Running the Gauntlet by Robert Taylor.
Save £60! - £210.00
 Completing a record 213 operational sorties with Bomber Commands Pathfinder Force, Mosquito LR503 became one of the most successful aircraft in the Royal Air Force during World War II. It flew first with 109 Pathfinder Squadron, and then 105 Pathfinder Squadron, completing more combat missions than any other Allied aircraft.
Top Dog by Robert Taylor. (AP)
Save £35! - £135.00
 The crews of Bomber Command faced one of the most daunting tasks, calling for courage sustained night after night, in conditions of desperate danger and discomfort. They did not fail us and 55,573 paid the supreme sacrifice. In his new tribute to The Many, Robert Taylors evocative painting recreates a typical scene encountered by many Royal Air Force bomber squadrons on raids over enemy occupied territory: Having already survived 30 successful operational sorties, on 9 February 1945 Lancaster PG-G of 619 Squadron has been intercepted by Luftwaffe night-fighters during a raid over Stettin Bay.
High Cost by Robert Taylor. (B)
Save £100! - £120.00

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SPECIAL SIGNATURES

Bobby Gibbes (deceased)

Born 6th May 1916. Bobby Gibbes began pilot training in 1940, and by June 1941 was flying Tomahawks with No3 RAAF Sqn. By February 1942, he was commanding the squadron. Upgrading to the Kittyhawk, he had more aerial victories, before being forced to bale out on May 26th 1942. On December 21st 1942, during an action in the Western Desert, an aircraft from the squadron was forced to crash land a few miles from the target. Gibbes landed his aircraft in the rocky desert, aiming to pick up the downed pilot. He ditched his own parachute, sitting on the pilots lap in the cockpit. On take-off, one wheel fell off the aircraft after colliding with an object on the groud, but he managed to land the aircraft on the one remaining wheel, avoiding a damaging belly landing. He was then shot down behind enemy lines, evading capture for three days before being rescued. He returned to Australia, and was injured during a training flight crash. He died 11th April 2007.

View prints signed by this pilot

New Print Packs
Battle of Trafalgar Maritime Art Prints by Robert Taylor and Ivan Berryman.
The
The Battle of Trafalgar by Robert Taylor.
The

The Battle of Trafalgar - The First Engagement by Ivan Berryman.
Save £135!
Pilot Signed Hurricane Prints by Robert Taylor and Gerald Coulson.
Undaunted
Undaunted by Odds by Robert Taylor.
Merlins

Merlins over Malta by Gerald Coulson.
Save £170!
Mighty Eighth Aviation Art Prints by Robert Taylor and Ivan Berryman.
Jet
Jet Hunters by Robert Taylor.
Last

Last One Home by Ivan Berryman. (H)
Save £185!
US Airborne D-Day Prints by David Pentland and Robert Taylor.
The

The Battered Band by David Pentland. (AP)
Day
Day Drop - Stick 21 by Robert Taylor. (AP)
Save £105!
American D-Day Airborne Troops Prints by Robert Taylor and David Pentland.
Day
Day Drop - Stick 21 by Robert Taylor.
Chuting

Chuting Up by David Pentland.
Save £100!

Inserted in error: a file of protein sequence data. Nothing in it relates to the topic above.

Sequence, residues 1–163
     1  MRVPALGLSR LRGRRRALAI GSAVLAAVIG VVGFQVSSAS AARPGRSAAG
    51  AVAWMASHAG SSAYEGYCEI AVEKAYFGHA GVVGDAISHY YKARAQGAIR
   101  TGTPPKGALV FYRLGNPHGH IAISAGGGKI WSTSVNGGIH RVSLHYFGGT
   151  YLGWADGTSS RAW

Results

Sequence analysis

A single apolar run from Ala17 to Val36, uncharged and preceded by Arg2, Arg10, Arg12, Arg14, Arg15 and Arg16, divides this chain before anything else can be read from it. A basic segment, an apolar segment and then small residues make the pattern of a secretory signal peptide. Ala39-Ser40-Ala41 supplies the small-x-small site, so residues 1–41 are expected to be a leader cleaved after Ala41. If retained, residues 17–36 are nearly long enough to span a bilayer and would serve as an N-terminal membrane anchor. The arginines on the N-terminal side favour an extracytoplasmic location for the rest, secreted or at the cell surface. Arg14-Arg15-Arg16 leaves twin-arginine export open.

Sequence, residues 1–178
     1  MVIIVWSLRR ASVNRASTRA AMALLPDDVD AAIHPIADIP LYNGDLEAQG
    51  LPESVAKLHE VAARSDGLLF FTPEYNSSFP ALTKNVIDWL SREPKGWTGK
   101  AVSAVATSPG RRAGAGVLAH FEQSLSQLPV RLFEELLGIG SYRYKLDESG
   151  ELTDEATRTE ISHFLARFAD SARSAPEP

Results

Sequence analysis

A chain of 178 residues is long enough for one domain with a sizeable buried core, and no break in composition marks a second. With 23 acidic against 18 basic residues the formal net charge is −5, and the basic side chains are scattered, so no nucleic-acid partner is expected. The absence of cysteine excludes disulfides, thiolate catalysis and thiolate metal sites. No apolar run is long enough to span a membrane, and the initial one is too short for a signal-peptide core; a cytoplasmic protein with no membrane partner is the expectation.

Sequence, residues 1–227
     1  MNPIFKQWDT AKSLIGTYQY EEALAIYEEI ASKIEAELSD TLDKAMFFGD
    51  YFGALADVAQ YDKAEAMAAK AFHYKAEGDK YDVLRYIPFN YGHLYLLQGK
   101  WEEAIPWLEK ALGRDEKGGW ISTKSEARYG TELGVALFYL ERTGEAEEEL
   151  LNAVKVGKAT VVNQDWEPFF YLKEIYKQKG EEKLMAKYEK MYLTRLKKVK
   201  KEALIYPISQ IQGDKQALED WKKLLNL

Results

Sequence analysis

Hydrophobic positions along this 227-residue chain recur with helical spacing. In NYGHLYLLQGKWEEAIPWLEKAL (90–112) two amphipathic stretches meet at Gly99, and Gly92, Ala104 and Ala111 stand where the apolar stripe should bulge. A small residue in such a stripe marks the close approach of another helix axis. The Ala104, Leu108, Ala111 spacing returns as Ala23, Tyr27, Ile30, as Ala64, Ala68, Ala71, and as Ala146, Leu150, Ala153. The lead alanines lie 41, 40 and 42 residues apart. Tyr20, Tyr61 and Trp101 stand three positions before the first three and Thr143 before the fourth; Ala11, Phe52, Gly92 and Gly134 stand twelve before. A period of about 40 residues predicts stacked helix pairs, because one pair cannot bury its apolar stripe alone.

The name Robert Taylor has been synonymous with aviation art over a quarter of a century. His paintings of aircraft, more than those of any other artist, have helped popularise a genre which at the start of this remarkable artist's career had little recognition in the world of fine art. When he burst upon the scene in the mid-1970s his vibrant, expansive approach to the subject was a revelation. His paintings immediately caught the imagination of enthusiasts and collectors alike . He became an instant success. As a boy, Robert seemed always to have a pencil in his hand. Aware of his natural gift from an early age, he never considered a career beyond art, and with unwavering focus, set out to achieve his goal. Leaving school at fifteen, he has never worked outside the world of art. After two years at the Bath School of Art he landed a job as an apprentice picture framer with an art gallery in Bath, the city where Robert has lived and worked all his life. Already competent with water-colours the young apprentice took every opportunity to study the works of other artists and, after trying his hand at oils, quickly determined he could paint to the same standard as much of the art it was his job to frame. Soon the gallery was selling his paintings, and the owner, recognising Roberts talent, promoted him to the busy picture-restoring department. Here, he repaired and restored all manner of paintings and drawings, the expertise he developed becoming the foundation of his career as a professional artist. Picture restoration is an exacting skill, requiring the ability to emulate the techniques of other painters so as to render the damaged area of the work undetectable. After a decade of diligent application, Robert became one of the most capable picture restorers outside London. Today he attributes his versatility to the years he spent painstakingly working on the paintings of others artists. After fifteen years at the gallery, by chance he was introduced to Pat Barnard, whose military publishing business happened also to be located in the city of Bath. When offered the chance to become a full-time painter, Robert leapt at the opportunity. Within a few months of becoming a professional artist, he saw his first works in print. Roberts early career was devoted to maritime paintings, and he achieved early success with his prints of naval subjects, one of his admirers being Lord Louis Mountbatten. He exhibited successfully at the Royal Society of Marine Artists in London and soon his popularity attracted the attention of the media. Following a major feature on his work in a leading national daily newspaper he was invited to appear in a BBC Television programme. This led to a string of commissions for the Fleet Air Arm Museum who, understandably, wanted aircraft in their maritime paintings. It was the start of Roberts career as an aviation artist. Fascinated since childhood by the big, powerful machines that man has invented, switching from one type of hardware to another has never troubled him. Being an artist of the old school, Robert tackled the subject of painting aircraft with the same gusto as with his large, action-packed maritime pictures - big compositions supported by powerful and dramatic skies, painted on large canvases. It was a formula new to the aviation art genre, at the time not used to such sweeping canvases, but one that came naturally to an artist whose approach appeared to have origins in an earlier classical period. Roberts aviation paintings are instantly recognisable. He somehow manages to convey all the technical detail of aviation in a traditional and painterly style, reminiscent of the Old Masters. With uncanny ability, he is able to recreate scenes from the past with a carefully rehearsed realism that few other artists ever manage to achieve. This is partly due to his prodigious research but also his attention to detail: Not for him shiny new factory-fresh aircraft looking like museum specimens. His trade mark, flying machines that are battle-scarred, worse for wear, with dings down the fuselage, chips and dents along the leading edges of wings, oil stains trailing from engine cowlings, paintwork faded with dust and grime; his planes are real! Roberts aviation works have drawn crowds in the international arena since the early 1980s. He has exhibited throughout the US and Canada, Australia, Japan and in Europe. His one-man exhibition at the Smithsonians National Air and Space Museum in Washington DC was hailed as the most popular art exhibition ever held there. His paintings hang in many of the worlds great aviation museums, adorn boardrooms, offices and homes, and his limited edition prints are avidly collected all around the world. A family man with strong Christian values, Robert devotes most of what little spare time he has to his home life. Married to Mary for thirty five years, they have five children, all now grown up. Neither fame nor fortune has turned his head. He is the same easy-going, gentle character he was when setting out on his painting career all those years ago, but now with a confidence that comes with the knowledge that he has mastered his profession.